Shadows on Indo-US Ties

EXTERNAL affairs minister Jaswant Singh has visited the United States of America, held an unscheduled meeting with President George W Bush, and returned home exuding confidence about the future of Indo-US relations.

In fact, the outlook for Indo-US ties has turned markedly sour in the last few months. The reasons have nothing to do with diplomacy and everything to do with economics.

First, demand for Indian software professionals in the US has suddenly collapsed. Second, the Enron fiasco will discourage future US investment in Indian infrastructure.

Third, the growing chance of a global recession may induce foreign portfolio investors to pull out of all emerging markets, including India.

The new Indian ambassador in Washington, Lalit Mansingh, said on taking charge that Indo-US ties were stronger than ever today. True, but this improvement has been based mainly on closer business relations, and above all on the prospect of India becoming a major technology partner of US. Alas, this is now in jeopardy.

At the political level, India and Pakistan hardly matter to US policymakers, whose knowledge of the region is skin-deep. Gary Ackerman of the India Caucus once joked that most members of Congress believed that Indiapakistan was a single word.

Jesse Helms, head of the Senate Foreign Relations Committee, once repeatedly referred to Benazir Bhutto as prime minister of India.

The nuclear explosions of 1998 brought India onto the US political radar screen. After initial US outrage and imposition of sanctions, the two countries have more or less restored normal relations.

Some minor sanctions remain, and non-proliferation remains a US concern. But the Strobe Talbot-Jaswant Singh talks have repaired the diplomatic rupture, as proved by the visits of President Clinton to India and Prime Minister Vajpayee to the US.

However, the virtual end of sanctions does not mean the creation of important common ground at the political level. With the nuclear issue receding to the background, the US is once again losing political interest in India.

There remains significant interest in India as an economic partner, but that is precisely where recent news has been very bad.

Till recently, the US had an insatiable appetite for Indian software professionals. It expanded H1-B visas for visiting professionals from 65,000 per year to 100,000 per year and then to 195,000 per year for three years starting 2001. Indian professionals seemed set to storm many US citadels of brainpower.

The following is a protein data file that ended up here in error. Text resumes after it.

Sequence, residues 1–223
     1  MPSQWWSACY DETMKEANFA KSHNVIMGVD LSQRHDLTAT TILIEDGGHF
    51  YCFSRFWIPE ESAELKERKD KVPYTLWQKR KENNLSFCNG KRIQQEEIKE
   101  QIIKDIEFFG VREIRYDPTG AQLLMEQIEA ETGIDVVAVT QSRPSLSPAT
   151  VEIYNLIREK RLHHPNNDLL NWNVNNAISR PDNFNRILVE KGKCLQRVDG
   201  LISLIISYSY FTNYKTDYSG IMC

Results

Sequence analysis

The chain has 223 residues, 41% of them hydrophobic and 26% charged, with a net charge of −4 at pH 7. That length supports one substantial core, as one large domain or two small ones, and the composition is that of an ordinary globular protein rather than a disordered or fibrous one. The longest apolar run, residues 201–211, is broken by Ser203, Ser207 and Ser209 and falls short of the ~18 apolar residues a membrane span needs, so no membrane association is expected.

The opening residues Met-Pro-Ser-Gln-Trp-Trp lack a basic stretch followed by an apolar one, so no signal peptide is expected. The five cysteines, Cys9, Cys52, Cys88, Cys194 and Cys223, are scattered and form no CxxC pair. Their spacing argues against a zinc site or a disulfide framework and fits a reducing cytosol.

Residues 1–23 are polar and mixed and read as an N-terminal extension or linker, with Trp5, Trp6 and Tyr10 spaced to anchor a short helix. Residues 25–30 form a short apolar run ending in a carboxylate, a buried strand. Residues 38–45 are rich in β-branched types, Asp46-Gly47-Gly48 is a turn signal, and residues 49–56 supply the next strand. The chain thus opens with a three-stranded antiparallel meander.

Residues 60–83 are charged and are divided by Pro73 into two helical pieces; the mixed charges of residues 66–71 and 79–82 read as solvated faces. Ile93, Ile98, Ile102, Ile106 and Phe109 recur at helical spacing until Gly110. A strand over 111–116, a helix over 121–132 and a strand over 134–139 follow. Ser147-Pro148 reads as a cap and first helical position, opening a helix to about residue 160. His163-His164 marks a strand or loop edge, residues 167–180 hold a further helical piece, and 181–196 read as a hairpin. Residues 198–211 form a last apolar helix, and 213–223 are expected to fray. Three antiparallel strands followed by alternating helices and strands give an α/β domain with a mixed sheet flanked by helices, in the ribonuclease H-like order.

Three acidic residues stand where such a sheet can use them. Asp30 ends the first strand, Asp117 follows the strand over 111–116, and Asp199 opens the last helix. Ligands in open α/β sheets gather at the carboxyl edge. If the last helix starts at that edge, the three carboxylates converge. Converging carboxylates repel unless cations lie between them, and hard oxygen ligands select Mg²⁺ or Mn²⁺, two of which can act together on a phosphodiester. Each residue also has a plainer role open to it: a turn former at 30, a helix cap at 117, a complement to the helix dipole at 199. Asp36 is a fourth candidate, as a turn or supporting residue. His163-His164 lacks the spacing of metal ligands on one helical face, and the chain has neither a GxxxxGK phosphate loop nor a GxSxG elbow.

But the whole technology sector in the US has collapsed in the last few months. Stock market prices have crashed, and orders for both hardware and software have suddenly dried up.

So, far from needing fresh Indian professionals, existing Indian visa-holders are being fired in Silicon valley and returning home. Long-term software prospects are still good, though last year’s euphoria will not return.

US foreign direct investment has also suffered a blow with the Maharashtra government reneging on its deal with the Dabhol Power Corporation.

This is by far the biggest foreign investment in India, worth $2.8 billion. Maharashtra complains that the power supplied by Dabhol is much too expensive to be affordable. But foreign investors expect any country respecting the rule of law to honour contracts, taking the rough with the smooth.

After all, India does not bail out foreign investors who have lost piles of money, so those who strike gold expect to keep their windfall.

The Dabhol deal has already been renegotiated once. Asking for a second renegotiation shows clearly that Indian politicians do not believe in the sanctity of contract.

Some years ago, when a Chinese mayor cancelled a licence for McDonalds, there was much talk of how India had an advantage over China in the rule of law. Dabhol shows that India is as bad as China.

Bankrupt governments have reneged on power deals in countries like Indonesia and Pakistan. This is one reason why Dabhol is viewed by most foreign investors as an exception.

However, changing rules midstream is equally evident in telecom. Cellular operators are up in arms against the government’s proposal to allow basic telephone companies to provide limited mobile services too.

AT&T, which runs a cellular company in collaboration with the Birla and Tata groups, is likely to pull out of India altogether if limited mobility becomes official policy. Here again, the damage to India’s image may be limited.

Cellular companies were saved from bankruptcy when the rules were changed to let them migrate from licence fees to revenue sharing. So they cannot expect too much sympathy when hit by a second set of changes that are disadvantageous. Still, India’s attraction for FDI, never strong, will become even weaker.

US companies which once dreamed of selling goods to an Indian middle class of 250 million have burned their fingers. Investors in infrastructure have burned their fingers too.

Finally, foreign portfolio investors have mostly suffered losses since entering after 1993. The Bombay Sensex today is two-thirds of its peak-1992 level.

Indian software once seemed a fabulous prospect for FIIs, but stock market prices have crashed by up to 95 per cent. FIIs have been net investors despite the crash. But if a global recession now occurs, they could start pulling out.

So, the prospects for Indo-US relations have dimmed. And, unlike the nuclear stand-off, this time diplomacy cannot repair the damage.

What do you think?